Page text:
And, finally, you have to account for the wonderful efficacy with which the Bible has been attended. Compare the combined moral effects which have been produced by all the other books in the world, with those which have been produced by the Bible, and the former dwindle to nothing in the comparison. It is the Bible which is the means of accomplishing such wonderful transformations, as we sometimes see, of human character—making the proud, humble; the vindictive, forgiving; the cruel, tender-hearted; causing the swearer to reverence the name of God; the drunkard to lay aside his cups; the dishonest man to give back his ill-gotten gains; and the miser to open his coffers at the call of charity. It is the Bible which has shed the light of peace and hope around the path of adversity; which has been a pillow for sickness, and a staff for old age; which has caused the voice of rejoicing to rise even from the valley of death. It is the Bible which has demolished altars of cruelty and temples of idolatry; which has illumined the wilderness with the light of civilization, and for savage customs has substituted the soft charities of life; which, as it travels around the globe, sends abroad a healing influence, and leaves a bright track of glory behind it. Whence is it, I ask, that the Bible produces these wonderful effects, if it has not God for its author? How is it, if it is the work of man, that it has survived all the efforts which have been made for its destruction; that, like the burning bush, it has been always on fire, and yet has never been consumed?
Such, my young friends, are some of the difficulties to be encountered, before you can, with any show of reason, reject the divine authority of the scriptures. You must be able to show that the miracles which the Bible records, either were never performed, or if they were, that they do not prove it to be a divine revelation; that the prophecies which it contains, notwithstanding their literal and exact accomplishment, were only fortunate conjectures. You must be able to account for the fact that so many writers, on such a subject, and in such circumstances, have written with perfect harmony; that men comparatively destitute of intellectual culture, have written with such unparalleled sublimity; that men of most corrupt minds, (for the idea of imposture necessarily supposes this,) have made a book which breathes the most elevated moral purity; and finally that this Book, bearing the signature of Heaven upon its title-page, and thus affronting Jehovah by a lie, has gone abroad, changing the moral wilderness into a garden, and pouring light and joy into every bosom by which it has been welcomed. Until you are able to account for these and many similar facts, you cannot, for a moment, consistently place your foot on infidel ground. How then ought you to estimate the cavils of infidelity? As lighter than nothing, until you have deliberately and satisfactorily met all the difficulties which have now been suggested.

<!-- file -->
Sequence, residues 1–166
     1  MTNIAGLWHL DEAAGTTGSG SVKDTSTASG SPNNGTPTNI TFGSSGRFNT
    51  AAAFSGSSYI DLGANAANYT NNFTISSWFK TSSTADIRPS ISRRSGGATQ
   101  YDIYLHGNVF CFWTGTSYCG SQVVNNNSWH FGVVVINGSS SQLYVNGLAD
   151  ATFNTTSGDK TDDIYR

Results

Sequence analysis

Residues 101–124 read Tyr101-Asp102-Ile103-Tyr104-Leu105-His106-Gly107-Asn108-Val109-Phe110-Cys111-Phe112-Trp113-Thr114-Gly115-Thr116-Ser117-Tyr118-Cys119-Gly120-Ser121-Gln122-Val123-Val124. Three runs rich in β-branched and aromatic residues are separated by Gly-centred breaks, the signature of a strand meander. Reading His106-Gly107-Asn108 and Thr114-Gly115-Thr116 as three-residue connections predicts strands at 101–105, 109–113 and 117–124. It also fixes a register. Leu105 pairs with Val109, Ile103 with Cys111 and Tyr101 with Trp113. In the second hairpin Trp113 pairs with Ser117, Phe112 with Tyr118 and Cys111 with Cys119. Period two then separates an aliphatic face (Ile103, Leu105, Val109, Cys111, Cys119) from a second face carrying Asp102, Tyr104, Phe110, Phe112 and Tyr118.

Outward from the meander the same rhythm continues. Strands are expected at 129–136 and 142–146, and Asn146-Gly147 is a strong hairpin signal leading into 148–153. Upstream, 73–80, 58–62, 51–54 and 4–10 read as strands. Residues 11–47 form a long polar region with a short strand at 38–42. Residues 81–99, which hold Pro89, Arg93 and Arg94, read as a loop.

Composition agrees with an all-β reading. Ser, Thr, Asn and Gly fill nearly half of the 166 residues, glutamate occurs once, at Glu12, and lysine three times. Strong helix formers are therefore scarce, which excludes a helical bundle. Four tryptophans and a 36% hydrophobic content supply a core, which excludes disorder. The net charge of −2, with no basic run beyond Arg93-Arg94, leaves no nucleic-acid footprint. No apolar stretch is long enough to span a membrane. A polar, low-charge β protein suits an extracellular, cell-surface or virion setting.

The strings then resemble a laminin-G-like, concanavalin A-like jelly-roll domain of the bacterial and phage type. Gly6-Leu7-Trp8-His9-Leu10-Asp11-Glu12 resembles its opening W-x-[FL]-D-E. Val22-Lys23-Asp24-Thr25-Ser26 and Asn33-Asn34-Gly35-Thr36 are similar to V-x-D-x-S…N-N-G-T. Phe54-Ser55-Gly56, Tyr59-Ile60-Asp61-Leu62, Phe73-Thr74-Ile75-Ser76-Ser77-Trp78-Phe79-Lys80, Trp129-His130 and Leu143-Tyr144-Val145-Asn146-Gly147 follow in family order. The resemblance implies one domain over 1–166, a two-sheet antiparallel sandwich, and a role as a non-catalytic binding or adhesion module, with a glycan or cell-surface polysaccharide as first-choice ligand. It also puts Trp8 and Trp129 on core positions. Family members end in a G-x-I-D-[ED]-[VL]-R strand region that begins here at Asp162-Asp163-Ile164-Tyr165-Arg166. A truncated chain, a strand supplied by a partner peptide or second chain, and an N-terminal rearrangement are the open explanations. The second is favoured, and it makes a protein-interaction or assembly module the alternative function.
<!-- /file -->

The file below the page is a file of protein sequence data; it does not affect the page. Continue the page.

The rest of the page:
2. Another error of which young people, at the present day, are in danger, is, that no atonement was necessary that God might pardon sin; and that it was no part of the design of Christ's death to make an atonement.
This error is, of course, held by all who reject the divine authority of the Bible. It is held also by many who profess, in some sense, to acknowledge its claims to inspiration. The former class deny the necessity of an atonement; but regarding the Bible as a mere human production, neither ask nor care whether it contains the doctrine or not. The latter class, in common with the former, assert that an atonement was not necessary; but they go farther, and also assert that this doctrine is not found in the Bible. Before you receive this error, you ought to be able satisfactorily to answer the following inquiries.